This soup has simple, rustic flavors and can fill you with even a small bowl, although no one ever wants just a small bowl . . .
You will need: a large fall squash, garbanzo beans, ground sausage, an onion, several cloves of garlic, and chicken or vegetable broth.
Step 1. Soak the beans.
Side Note: Sometimes I will just go ahead and begin soaking beans, before I know what I will make with them. If you cook regularly, it never hurts to have beans on hand, ready to go. However, don't soak the beans for more than around three days. They may start to get gross and rot.
Another option is to soak the beans for two or three days, then drain the water. Leave them without water for about eight hours and rinse them. Do this about every eight hours, and the beans will begin to sprout after a couple days. Sprouted beans can be eaten raw, baked, or stewed. They are said to be better for you than unsprouted beans.
If you are using canned beans, drain the water out, no need for soaking in advance. Keep in mind, this will decrease the total cooking time, as these beans are already on the verge of mushy . . . Change the order of the recipe, and add these last!
Step 2. Prepare the squash.
Wash the outside of the squash. Cut the squash in half. Remove the seeds and stringyness, just like you are making a jack-o-lantern. (You can save the seeds for crafts, if you rinse them clean and dry them immediately.)
Cut up the squash into small manageable chunks. Place these chunks into a casserole-size baking dish and put about an inch of water, with tin foil over the dish. (I've done this in many different ways, chunks with skin side up, skin side down, or even without cutting the chunks, and just cooking the squash halves. They all work, and will cook the squash, but for soups, the chunks are easier to manage.)
Cook this between 350 and 400 degrees until the squash will allow a fork to go through without much effort. This usually takes about an hour, depending on the thickness of the pieces. You don't want the squash to get mushy. (If you overcook the squash, the soup can be salvaged, but the soup will become more of a squash puree, than delicious bite-sized pieces of rustic fall flavor.)
Peel or scrape the skin off of the chunks and disgard or compost it. Drain the water, and store the squash in the fridge, if you don't plan to finish the soup the same day. Otherwise, go on to the next step.
Step 3. Cook the sausage.
While the previous steps could all be done in advance of the actual soup making, this step should be saved until the day you want to actually eat the soup.
If you are a crock-pot cooker, use a skillet to pre-cook the meat as explained below, so that it will be mostly cooked before adding it to your crock-pot.
If you will not be using a crock-pot, pull out your large stew-pot. Slice the onions and peel the garlic. Turn on the heat under the stew-pot, to about medium. Put just a little oil in the pot, and allow it to get hot. (Careful not to burn your oil, if it smokes, it is burning.) Put in the onions now and stir them around until they're covered in oil.
Cook the onions until they are about half-way to carmelizing, and add the minced or cut-up garlic. Allow that to cook for just a minute, and add the ground meat. (If you are using a sausage instead, cut it into coins or half-coins.) Add a little salt and pepper. (If you are using canned beans later, they are probably salted, so you can skip or reduce the salt at this step.)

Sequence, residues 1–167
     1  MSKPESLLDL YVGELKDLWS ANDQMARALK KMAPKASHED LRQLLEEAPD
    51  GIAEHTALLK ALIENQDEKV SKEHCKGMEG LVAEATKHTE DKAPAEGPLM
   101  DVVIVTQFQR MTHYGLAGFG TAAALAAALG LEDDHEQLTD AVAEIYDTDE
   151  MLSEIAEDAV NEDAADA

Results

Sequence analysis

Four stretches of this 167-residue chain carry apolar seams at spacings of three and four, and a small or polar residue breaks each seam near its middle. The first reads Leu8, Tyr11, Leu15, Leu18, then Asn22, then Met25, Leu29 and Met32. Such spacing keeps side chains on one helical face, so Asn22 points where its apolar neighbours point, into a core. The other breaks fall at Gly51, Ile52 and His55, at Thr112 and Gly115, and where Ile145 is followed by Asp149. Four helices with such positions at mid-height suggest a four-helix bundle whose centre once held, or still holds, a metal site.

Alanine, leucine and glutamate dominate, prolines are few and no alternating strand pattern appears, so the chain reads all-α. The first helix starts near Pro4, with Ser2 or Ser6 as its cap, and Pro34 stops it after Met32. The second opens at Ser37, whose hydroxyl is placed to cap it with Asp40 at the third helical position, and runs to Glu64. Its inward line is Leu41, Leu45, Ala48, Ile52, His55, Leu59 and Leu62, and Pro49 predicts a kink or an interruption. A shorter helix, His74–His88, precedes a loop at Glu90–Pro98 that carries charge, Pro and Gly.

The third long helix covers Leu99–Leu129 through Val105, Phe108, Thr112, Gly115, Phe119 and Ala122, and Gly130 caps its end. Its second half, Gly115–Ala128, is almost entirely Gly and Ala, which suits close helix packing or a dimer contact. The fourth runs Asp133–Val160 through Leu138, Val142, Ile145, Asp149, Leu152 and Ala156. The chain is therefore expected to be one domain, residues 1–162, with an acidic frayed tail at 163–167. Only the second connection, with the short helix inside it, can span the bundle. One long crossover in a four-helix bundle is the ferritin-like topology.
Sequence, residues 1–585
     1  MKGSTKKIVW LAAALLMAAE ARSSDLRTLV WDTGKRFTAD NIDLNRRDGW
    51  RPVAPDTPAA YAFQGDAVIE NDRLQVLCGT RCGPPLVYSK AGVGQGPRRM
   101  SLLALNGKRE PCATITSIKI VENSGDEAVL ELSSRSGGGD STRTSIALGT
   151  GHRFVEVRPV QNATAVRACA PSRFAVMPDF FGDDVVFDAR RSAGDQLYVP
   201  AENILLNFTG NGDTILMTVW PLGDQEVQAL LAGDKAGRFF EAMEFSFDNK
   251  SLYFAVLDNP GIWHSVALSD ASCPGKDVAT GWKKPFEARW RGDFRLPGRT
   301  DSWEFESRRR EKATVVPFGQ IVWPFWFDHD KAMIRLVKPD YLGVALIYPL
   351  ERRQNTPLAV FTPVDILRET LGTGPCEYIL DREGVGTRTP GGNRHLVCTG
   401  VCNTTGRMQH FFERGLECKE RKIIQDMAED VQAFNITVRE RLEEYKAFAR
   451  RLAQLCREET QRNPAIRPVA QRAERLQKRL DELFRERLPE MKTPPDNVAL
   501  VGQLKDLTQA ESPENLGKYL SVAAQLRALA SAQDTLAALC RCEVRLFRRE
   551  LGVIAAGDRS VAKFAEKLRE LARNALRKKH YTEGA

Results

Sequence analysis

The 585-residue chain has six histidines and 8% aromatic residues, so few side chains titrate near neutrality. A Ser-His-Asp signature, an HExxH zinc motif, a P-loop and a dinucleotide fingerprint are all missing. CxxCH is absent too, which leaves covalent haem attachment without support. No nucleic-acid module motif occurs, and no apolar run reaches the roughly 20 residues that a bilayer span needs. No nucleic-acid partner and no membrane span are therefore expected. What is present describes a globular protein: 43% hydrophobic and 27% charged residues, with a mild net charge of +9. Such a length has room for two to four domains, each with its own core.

Stir the meat, allowing it to blend in with the onions and garlic, and allowing it to distribute the heat throughout, so that your meat will cook evenly. You'll want the meat to be about three/quarters completely cooked, so that you don't end up with any raw bits of meat in the finished soup.
At this point, you may have little brown bits sticking to the bottom of your stew pot. Those brown bits are called flavor. Pour a little chicken broth in, to help you loosen anything stuck to the bottom of the pot.
Step 5. Add all the ingredients.
If you are using a stew pot, then your meat is already in the pot. Add the drained beans and enough chicken broth to cover. (If you are using canned beans, do not add them now.) Cook on Medium to Medium High. Allow the beans to cook until they become soft. (Note, dried beans do not always become as soft as you may be used to from canned beans. The fresher the dried bean is, the easier it will be to cook it till soft. If your beans are not getting soft after more than an hour or two, they are probably still edible, but were not fresh.)
Add the cooked, peeled squash to the soup. If using canned beans, add them now. Make sure you still have enough broth to cover all ingredients, adding more if necessary.
Turn the heat down to Medium and allow this to simmer for about half an hour. Taste the soup. Does it need anything? More salt? Perhaps a packet of Sazon or some fresh basil? If you want a kick, try some cayenne pepper!
Why have I not listed measurements?
There's nothing wrong with folks who measure. This is simply a skill I wanted to learn, to be able to cook on the fly. (I picture cow-boy cooks, out on the prarie, cooking on an open fire, using what ever they happened to have. They sure didn't want to dirty up a measuring cup unless they had to!)
Developing this skill has allowed me to be more creative with my meals, substituting this or that and creating masterpieces from the last few items in the pantry. Give it a try sometime! But be prepared to eat a lot of ill-flavored food!